Monday, August 11, 2008

Pigs are Racists in Bolehland

Interesting article of how pigs can also be racists in Bolehland. I am wondering about the wild pigs in the jungle - I saw during our forest explorings. Are they "Chinese" too?
Oh, btw, I like to eat roast pork. Wild or not wild also can lah!
No, this 'Babi' will Not 'Balik Cina'
Written by Farish A. Noor
Sunday, 10 August 2008

I have just read the reports on the internet about the goings-on that led to the disruption and early closure of the public forum organised by the Bar Council on Conversion in Malaysia over the weekend. Apart from the other rather offensive remarks that were featured in the various reports that I read, I also chanced upon a rather curious revelation: Apparently during the commotion caused when some of the so-called 'defenders of the faith' had entered the room where the forum was being held, there were calls for a certain 'Babi' to 'Balik Cina'.

Now I have checked and double-checked all the photos that are available on the internet and have seen no image that corresponds to the 'Babi' in question. Therefore for the sake of academic consistency and objectivity, I am compelled to ask the Bar Council this: Was there a pig in the auditorium where the forum was held? And if so, how could the Bar Cou! ncil invite a pig to attend a forum that was open primarily for Malaysian citizens (who are overwhelmingly human, as identity papers and passports have not been issued to pigs or any other non-human species as far as I know.)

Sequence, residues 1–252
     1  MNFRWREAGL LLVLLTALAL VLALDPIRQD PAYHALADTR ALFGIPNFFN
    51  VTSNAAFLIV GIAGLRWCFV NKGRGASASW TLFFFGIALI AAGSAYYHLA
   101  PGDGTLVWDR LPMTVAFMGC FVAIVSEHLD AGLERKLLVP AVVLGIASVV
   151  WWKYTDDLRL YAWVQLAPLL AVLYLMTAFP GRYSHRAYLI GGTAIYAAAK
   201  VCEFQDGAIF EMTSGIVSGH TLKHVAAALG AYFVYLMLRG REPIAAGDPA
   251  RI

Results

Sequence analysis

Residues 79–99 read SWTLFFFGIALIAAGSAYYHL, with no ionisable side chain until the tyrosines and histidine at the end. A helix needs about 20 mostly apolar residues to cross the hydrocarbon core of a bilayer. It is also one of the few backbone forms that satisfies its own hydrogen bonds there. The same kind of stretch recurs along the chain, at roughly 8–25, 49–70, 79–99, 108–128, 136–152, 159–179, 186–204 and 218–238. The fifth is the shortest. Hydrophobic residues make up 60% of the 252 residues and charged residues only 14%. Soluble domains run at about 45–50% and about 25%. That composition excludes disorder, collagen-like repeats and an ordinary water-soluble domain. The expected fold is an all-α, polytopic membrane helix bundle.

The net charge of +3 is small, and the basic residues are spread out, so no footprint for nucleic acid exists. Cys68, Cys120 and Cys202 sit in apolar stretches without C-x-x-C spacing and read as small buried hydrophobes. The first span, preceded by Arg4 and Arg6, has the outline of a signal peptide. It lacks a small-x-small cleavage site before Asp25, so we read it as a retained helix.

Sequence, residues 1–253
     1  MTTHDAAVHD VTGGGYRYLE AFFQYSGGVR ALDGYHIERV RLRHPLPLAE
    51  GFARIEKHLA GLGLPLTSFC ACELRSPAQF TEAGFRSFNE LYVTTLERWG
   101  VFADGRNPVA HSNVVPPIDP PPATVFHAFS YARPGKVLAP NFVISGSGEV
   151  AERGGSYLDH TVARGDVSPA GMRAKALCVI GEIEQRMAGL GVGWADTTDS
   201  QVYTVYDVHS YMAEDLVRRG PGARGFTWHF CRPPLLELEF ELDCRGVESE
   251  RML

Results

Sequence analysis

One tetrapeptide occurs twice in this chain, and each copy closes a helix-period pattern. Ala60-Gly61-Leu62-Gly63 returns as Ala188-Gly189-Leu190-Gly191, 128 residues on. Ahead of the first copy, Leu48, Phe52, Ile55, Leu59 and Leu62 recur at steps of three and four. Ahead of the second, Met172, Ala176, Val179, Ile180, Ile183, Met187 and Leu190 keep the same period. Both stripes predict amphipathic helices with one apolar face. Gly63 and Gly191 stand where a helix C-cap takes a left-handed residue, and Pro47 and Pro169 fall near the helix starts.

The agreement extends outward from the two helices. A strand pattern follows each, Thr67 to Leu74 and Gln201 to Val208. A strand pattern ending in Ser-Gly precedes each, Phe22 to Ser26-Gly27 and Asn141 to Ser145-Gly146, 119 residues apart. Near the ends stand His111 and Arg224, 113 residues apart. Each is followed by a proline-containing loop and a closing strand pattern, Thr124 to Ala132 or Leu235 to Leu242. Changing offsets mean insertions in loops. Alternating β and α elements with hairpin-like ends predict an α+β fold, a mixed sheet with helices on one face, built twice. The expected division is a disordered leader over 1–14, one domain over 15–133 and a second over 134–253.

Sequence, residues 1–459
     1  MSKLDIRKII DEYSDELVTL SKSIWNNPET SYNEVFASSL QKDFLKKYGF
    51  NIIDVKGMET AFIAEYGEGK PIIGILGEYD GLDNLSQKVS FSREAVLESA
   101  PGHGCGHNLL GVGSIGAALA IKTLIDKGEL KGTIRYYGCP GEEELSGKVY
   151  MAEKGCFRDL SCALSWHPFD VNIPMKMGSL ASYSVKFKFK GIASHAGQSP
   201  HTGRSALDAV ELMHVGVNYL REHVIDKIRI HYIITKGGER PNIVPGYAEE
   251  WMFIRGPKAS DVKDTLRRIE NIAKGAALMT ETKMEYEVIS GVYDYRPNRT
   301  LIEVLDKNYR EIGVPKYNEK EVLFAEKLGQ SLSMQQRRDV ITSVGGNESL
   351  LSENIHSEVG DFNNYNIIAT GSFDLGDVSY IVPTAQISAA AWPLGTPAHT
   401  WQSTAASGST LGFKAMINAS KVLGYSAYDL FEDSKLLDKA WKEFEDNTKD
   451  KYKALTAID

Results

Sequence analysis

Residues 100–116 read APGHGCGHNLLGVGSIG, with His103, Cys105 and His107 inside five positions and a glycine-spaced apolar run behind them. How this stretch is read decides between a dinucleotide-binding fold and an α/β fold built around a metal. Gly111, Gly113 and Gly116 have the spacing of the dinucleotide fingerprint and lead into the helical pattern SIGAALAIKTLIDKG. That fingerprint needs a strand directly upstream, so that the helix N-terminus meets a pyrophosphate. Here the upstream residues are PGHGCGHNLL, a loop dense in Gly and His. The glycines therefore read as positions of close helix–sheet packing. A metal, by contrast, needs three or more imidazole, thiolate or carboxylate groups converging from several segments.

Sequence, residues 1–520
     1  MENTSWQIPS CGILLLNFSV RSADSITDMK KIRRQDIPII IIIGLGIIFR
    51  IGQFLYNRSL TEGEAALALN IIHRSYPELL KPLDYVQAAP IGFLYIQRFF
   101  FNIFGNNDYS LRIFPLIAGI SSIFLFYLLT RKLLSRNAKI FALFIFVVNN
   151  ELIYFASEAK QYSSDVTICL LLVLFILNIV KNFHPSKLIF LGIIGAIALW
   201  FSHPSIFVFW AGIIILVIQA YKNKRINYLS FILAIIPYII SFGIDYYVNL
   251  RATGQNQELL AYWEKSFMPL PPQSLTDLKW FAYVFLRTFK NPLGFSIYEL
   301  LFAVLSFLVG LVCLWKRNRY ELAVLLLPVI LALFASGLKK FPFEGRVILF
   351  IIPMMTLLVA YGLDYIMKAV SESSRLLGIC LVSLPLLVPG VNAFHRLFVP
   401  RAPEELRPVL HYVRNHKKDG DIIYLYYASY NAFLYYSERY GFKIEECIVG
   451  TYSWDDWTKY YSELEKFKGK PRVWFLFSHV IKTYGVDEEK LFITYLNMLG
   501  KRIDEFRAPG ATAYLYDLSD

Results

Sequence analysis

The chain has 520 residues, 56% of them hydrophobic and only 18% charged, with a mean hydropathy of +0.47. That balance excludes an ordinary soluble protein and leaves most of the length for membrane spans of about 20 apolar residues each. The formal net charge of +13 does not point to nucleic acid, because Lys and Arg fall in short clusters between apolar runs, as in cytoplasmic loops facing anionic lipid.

Furthermore I need to ask how the demonstrators knew that the pig (if one was present) was of Chinese origin? Did it carry a Chinese passport, and if so, why was it in KL when the Olympic games were being held in Beijing and the world's attention was focused there?

(*ed. I can only assume that this was a rather anti-social pig from China who had come to Malaysia to avoid the throngs of tourists who have overtaken Beijing, which would be a sensible thing that I would have done myself, so I confess to having sympathy with this mysterious invisible pig.)

Lest there be any offence to pigs from China, I would like to remind the demonstrators who made that remark that there are enough pigs in southeast asia and that pigs are, in fact, a n! ative species in the region (including Malaysia). To ask this mysterio us pig to 'Balik Cina' was therefore offensive to say the least, as it overlooks the fact that it could have been a local Malaysian pig and therefore has every right to be in Malaysia. Though what it was doing at the bar council's forum is anyone's guess.

Here are some categories of local pigs (genus: Sus, subfamily species: suinea (Latin)) that have shared our very same bumi for centuries:

In Malaysia we have the babi hutan, babirusa (genus: Babyrousa) and wild boar (genus: Sus Scrofa) that have been long-time residents of the peninsula.

In Indonesia, there are also many types of local pigs such as the Sulawesi Babirusa, the Warty pig of Sulawesi (genus: Sus Celebensis), the Timorese Warty Pig (Genus: Sus Timorensis) and the Javanese Warty hog (Genus: sus Verrocosus).

In Vietnam there is of course the Sus Bucculentus, otherwise known as the Indo-Chinese warty pig, while in the Philippines there is the local Sus Cebifrons that hails from the Visa! yas Islands.

So how dare some people go around making wild allegations about the alleged foreign citizenship and/or origins of a pig that may or may not have been present at the Bar Council forum? To assume the foreign identity and origin of an individual merely on the basis of appearance and behaviour would reek of the highest form of prejudice, and points only to the ignorance of those who simply do not know: PIGS are not foreign to Malaysia or Southeast Asia. They are as localised and normalised as Durians and Corruption in this country.

Dr. Farish A. Noor finds some species of pigs more sympathetic to fascists and racists.

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